Spain's romantic couple haven't been able to reproduce the love, or the notes, quite as well either and their chances seem to have been slipping away although not so badly and there have been signs that they may, after all, be getting their act together again so I am not writing them off. They'll participate anyway as one of the Big Five but I don't see them winning.

Finland's Saara Aalto is doing well in the live gigs. She is a brilliant singer that I remember only too well from the X Factor not that long ago where she finished a good second here in the UK. The bookies have her only just scraping around the Top 10, though, maybe only just making the Top 15. I have a feeling she may surprise us and do better but the song still isn't good enough to win in my view.

Israel's dreadful woman and the song Toy do continue to get the crowds' support wherever she goes and, despite some dodgy singing, I expect her to do well in the public votes which, as we have seen, can make a huge difference. Expect Israel not to be first after the jury votes but to close in and even overtake some of the Top 5 with the second count.

Bulgaria were not impressive in the early days but now are putting on a good show and making more sense of the song too. They're proving popular at the gigs and are making a real effort to get as wide a circulation as they can. After coming second last year, they can see that the No. 1 place is there for the taking. They are now second in the bookies' odds across the board, having overtaken all three of the only other serious contenders at this time, Australia, Czech Republic and Estonia.

Estonia, we're told, are lacking a few grand to pay for the dress they want the opera girl to wear. You know, surely someone can cough up the necessary or just put her on in a simple dress and let her remarkable talent and a great song do the rest. She could still win, in my view, with the sort of stunning performance she can produce. Unfortunately, she has not been obvious at recent shows and that is something she needs to put right. Some familiarity with the song makes a big difference to that public vote, even if it doesn't with the juries.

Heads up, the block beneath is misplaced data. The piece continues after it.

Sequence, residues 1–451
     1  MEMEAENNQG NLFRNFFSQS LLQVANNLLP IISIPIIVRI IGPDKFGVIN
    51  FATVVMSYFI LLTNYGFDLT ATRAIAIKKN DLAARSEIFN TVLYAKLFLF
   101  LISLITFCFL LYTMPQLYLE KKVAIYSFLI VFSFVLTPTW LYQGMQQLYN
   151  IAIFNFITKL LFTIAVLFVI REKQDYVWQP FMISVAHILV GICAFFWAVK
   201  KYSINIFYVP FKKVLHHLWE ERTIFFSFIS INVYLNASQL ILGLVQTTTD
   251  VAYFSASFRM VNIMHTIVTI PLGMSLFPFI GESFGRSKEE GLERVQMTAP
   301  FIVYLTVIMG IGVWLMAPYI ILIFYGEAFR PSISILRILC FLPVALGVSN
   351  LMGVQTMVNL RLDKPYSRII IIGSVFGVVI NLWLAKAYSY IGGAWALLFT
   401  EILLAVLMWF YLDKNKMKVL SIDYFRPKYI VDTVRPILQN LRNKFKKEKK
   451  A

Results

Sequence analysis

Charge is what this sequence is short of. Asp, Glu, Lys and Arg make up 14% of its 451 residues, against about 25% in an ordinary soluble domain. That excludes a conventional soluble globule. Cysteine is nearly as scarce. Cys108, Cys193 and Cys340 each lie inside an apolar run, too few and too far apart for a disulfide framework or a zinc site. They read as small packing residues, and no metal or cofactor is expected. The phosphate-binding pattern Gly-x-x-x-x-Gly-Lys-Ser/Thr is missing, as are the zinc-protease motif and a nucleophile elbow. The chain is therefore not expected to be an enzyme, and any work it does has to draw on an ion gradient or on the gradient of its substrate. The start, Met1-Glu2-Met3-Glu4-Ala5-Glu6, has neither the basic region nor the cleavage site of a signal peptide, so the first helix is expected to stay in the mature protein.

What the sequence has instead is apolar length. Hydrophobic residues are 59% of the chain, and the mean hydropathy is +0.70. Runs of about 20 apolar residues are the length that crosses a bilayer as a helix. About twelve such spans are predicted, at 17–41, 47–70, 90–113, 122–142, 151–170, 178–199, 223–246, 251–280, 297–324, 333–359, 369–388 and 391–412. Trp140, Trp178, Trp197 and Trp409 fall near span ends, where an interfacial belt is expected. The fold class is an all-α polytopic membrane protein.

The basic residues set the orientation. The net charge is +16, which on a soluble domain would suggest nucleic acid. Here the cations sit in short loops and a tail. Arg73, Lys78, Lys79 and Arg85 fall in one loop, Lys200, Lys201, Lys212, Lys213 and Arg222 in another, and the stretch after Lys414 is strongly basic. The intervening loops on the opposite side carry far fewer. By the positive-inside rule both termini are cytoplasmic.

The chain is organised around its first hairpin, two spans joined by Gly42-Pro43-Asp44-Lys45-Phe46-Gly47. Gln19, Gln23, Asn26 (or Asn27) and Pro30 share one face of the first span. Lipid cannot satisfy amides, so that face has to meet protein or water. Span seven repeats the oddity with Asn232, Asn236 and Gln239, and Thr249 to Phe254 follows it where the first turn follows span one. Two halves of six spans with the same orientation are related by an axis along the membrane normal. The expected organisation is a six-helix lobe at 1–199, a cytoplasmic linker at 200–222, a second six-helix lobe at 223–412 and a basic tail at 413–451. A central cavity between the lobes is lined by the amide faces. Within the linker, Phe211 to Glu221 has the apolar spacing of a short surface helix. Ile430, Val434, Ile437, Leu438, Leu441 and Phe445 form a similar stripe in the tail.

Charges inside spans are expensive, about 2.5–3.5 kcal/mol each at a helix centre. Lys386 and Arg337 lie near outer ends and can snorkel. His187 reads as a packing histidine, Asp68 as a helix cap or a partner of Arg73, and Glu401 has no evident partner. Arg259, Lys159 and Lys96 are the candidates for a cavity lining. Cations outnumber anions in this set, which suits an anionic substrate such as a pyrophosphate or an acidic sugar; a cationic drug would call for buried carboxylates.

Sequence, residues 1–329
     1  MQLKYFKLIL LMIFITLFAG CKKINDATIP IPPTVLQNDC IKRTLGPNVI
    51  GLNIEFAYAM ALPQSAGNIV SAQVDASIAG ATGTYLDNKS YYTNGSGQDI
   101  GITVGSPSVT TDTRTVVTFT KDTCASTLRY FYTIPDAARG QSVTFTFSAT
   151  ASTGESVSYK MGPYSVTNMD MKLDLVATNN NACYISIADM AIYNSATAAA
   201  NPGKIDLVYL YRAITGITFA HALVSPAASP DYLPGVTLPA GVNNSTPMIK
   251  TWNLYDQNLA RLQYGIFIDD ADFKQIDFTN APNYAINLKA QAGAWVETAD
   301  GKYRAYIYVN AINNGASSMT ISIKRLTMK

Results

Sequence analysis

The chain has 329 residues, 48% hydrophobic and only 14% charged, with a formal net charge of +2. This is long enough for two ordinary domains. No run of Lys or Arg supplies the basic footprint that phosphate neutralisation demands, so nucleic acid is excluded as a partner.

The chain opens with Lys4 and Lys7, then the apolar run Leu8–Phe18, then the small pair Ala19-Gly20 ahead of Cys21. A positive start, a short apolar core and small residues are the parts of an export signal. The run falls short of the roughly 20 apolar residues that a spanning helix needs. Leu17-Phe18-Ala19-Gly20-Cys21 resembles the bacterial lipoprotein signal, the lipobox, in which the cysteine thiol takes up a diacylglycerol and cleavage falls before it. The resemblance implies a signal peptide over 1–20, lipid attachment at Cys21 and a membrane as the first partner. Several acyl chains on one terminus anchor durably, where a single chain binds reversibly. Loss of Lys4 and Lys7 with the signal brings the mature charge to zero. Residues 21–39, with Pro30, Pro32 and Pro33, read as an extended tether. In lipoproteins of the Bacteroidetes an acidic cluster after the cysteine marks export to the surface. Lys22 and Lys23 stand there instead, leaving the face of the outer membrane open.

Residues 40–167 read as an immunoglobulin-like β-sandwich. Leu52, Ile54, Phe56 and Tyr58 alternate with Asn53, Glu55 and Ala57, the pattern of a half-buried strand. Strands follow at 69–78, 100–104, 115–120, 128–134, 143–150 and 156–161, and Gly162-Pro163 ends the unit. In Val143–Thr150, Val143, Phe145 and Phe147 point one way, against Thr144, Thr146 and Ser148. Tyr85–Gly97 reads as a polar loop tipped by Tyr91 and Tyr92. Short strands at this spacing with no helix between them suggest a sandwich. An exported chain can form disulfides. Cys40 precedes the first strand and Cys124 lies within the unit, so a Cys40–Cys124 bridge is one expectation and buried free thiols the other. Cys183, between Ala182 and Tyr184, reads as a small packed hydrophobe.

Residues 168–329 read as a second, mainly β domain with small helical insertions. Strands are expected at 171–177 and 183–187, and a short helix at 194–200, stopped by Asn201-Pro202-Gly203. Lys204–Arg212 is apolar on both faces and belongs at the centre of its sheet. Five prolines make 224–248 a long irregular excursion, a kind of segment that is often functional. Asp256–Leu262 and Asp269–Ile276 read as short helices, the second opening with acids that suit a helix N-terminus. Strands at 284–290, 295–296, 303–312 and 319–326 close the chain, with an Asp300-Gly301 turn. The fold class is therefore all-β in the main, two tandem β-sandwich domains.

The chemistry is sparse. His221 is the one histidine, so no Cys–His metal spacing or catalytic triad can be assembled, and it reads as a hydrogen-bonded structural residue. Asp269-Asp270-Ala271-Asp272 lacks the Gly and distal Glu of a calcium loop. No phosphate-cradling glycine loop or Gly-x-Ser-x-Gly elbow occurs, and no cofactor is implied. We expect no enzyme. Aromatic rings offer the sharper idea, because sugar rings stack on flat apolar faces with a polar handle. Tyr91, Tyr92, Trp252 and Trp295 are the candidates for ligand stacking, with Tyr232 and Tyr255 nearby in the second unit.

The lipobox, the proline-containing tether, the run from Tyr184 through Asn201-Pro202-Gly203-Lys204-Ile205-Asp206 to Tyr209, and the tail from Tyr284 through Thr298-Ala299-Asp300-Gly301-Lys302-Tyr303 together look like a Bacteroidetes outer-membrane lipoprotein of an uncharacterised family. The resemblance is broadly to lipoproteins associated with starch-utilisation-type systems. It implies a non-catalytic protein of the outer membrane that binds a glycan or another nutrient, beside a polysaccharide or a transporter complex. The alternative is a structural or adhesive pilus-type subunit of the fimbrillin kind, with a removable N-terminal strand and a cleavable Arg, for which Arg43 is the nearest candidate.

I do like the effort Australia's Jessica Mauboy is putting in and she bounces on to the stage with enthusiasm and bags of confidence. Provided that she doesn't let that boil over into over-singing, she really should keep that level of popularity and turn it to her advantage. The song starts poorly, low in her register but once we've got past that then she is quite enthralling and the song is very smart for this competition. She is still my own choice to win, being one of the few we would regard as memorable in years to come. These shows are doing her a lot of good and helping her to hold on to her deserved Top 5 predicted finish.

The Czech Republic are likely to do well this year too with their Lie To Me entry which I am convinced steals the sax bits from Moldova's success last year. The performer is a totally natural guy and you just get the feeling he'll put on a good show whatever happens around him.

I mentioned some time ago that the UK entry, SuRie, was clearly the crowd's favourite on her own selection night and I reckon that remarkable affection she engenders in a live show was responsible for her national vote win too. It certainly wasn't the best song or the best performance. She is not predicted to do at all well. Indeed, as things stand, she wouldn't qualify if UK had to go through the Semi Finals like most entries do. She will be there, however, and she is also working hard at the intervening shows across Europe. The most recent, this weekend, saw her stand in for Emilie of the Madame & Monsieur pairing for France. Overnight she learnt the song and put on a really good performance which very much impressed the 3500-strong audience. Not only was she singing another county's entry really well but some parts were in French and after that she did her own song too. There can be no doubt that she is accomplished and a confident performer. I'd love to see her do well and it would be great if her efforts could be remembered and gain her a few extra votes from the juries. I really can't see the song doing well and I fear she'll be on the right hand side of the board when the voting's done but maybe near the top with a little help from our friends.

You'll get 500-1 on the UK winning but unless SuRie stands in for a few more live on the night I can't see that happening.

My own predictions remain pretty much as they were:

Australia or Greece to win, with Estonia still with an outside chance

Israel, Czech republic and Belgrade battling for a place in the Top 5.

Watch out for Moldova and Lithuania, if they get through.